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Bullous Pemphigoid : Drug-induced

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Clinical History: This 65 y/o female gave history of fever about a month prior to presentation for which she took some medication. Soon thereafter, she developed generalized pruritic erythematous lesions on her arms, back, and abdomen. The lesions were stable for a week followed by formation of vesicles and bullae. There was no mucosal involvement.

Clinical photographs show a few tense dome-shaped intact blisters filled with clear fluid. Most of the blisters have ruptured leaving behind bright pink-red oozing surface. Some of them are covered with crusting.

This is a case of drug-induced bullous pemphigoid. A number of drugs have been implicated, including ACE inhibitors (captopril, enalapril), furosemide, antibiotics (penicillins, Amoxacillin), penicillamine, chloroquine, mefenamic acid, nifedipine, sulfasalazine, and spironolactone among others. The drug taken by this patient is not known.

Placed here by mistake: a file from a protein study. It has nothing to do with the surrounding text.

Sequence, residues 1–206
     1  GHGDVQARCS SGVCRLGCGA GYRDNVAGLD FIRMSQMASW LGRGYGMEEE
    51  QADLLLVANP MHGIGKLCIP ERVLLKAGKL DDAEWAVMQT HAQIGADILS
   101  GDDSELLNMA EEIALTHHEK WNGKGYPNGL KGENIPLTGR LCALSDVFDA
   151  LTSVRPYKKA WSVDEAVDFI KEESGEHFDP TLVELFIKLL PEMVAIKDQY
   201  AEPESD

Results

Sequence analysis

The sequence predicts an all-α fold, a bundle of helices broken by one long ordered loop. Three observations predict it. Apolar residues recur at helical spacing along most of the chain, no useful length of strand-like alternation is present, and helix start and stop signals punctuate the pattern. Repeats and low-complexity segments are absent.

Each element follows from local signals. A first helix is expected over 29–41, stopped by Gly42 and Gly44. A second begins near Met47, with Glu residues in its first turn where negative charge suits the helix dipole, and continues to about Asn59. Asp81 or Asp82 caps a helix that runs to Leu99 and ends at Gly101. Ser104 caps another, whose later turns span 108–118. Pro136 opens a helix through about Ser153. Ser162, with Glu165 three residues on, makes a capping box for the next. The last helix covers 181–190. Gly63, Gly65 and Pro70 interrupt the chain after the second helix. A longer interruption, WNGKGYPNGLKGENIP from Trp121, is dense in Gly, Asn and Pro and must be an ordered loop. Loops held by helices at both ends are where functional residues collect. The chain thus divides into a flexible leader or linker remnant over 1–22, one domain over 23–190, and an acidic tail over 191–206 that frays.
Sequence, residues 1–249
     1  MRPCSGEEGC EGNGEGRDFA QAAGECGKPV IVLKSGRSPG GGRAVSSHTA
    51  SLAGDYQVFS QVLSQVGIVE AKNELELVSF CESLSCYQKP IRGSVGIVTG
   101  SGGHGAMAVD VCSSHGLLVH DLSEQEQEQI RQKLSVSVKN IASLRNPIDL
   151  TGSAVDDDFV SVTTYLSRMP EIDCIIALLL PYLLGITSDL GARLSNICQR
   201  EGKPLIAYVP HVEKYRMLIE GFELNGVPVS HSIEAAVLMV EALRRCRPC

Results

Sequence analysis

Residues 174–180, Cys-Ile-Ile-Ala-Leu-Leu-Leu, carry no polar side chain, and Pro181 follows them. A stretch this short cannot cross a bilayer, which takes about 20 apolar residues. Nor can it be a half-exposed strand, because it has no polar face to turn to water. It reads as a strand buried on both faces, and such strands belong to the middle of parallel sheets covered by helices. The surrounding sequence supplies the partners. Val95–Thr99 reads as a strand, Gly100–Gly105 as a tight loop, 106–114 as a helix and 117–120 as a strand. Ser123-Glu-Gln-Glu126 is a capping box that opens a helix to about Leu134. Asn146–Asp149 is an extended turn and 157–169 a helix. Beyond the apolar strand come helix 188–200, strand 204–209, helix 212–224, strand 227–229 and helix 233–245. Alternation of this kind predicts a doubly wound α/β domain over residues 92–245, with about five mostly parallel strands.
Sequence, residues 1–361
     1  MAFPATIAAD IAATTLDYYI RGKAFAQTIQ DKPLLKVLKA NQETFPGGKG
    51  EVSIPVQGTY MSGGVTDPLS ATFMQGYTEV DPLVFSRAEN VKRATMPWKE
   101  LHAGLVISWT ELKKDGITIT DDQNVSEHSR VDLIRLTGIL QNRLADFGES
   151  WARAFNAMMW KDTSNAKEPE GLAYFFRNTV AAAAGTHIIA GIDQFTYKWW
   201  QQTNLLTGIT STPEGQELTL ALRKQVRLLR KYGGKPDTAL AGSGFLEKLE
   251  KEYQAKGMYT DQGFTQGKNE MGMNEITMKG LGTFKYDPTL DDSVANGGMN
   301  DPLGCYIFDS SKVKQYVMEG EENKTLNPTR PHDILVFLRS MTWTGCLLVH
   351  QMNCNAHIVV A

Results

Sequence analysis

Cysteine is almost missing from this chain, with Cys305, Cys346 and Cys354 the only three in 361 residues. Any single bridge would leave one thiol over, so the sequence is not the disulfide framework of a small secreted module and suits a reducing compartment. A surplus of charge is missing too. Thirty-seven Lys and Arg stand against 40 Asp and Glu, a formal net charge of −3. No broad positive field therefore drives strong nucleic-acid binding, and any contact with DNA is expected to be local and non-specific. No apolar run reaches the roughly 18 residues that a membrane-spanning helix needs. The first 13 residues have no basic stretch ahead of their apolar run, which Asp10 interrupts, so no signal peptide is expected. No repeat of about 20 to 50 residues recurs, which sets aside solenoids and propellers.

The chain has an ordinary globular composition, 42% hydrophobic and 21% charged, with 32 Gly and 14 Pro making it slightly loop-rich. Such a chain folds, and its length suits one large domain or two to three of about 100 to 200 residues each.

Clinically, drug-induced bullous pemphigoid is similar to the idiopathic disease, although mucus membranes are most often involved (a feature absent in this case). There is deposition of linear IgG and C3 along the basement membrane on direct immunofluorescence.

Case courtesy of: Dr. Sanjay D. Deshmukh (Professor of Pathology) and Dr. Vishal A. Indurkar (Assoc. Professor of Dermatology), Dr. Vithalrao Vikhe Patil Foundation's Medical College & Hospitals, Ahmednagar, India.

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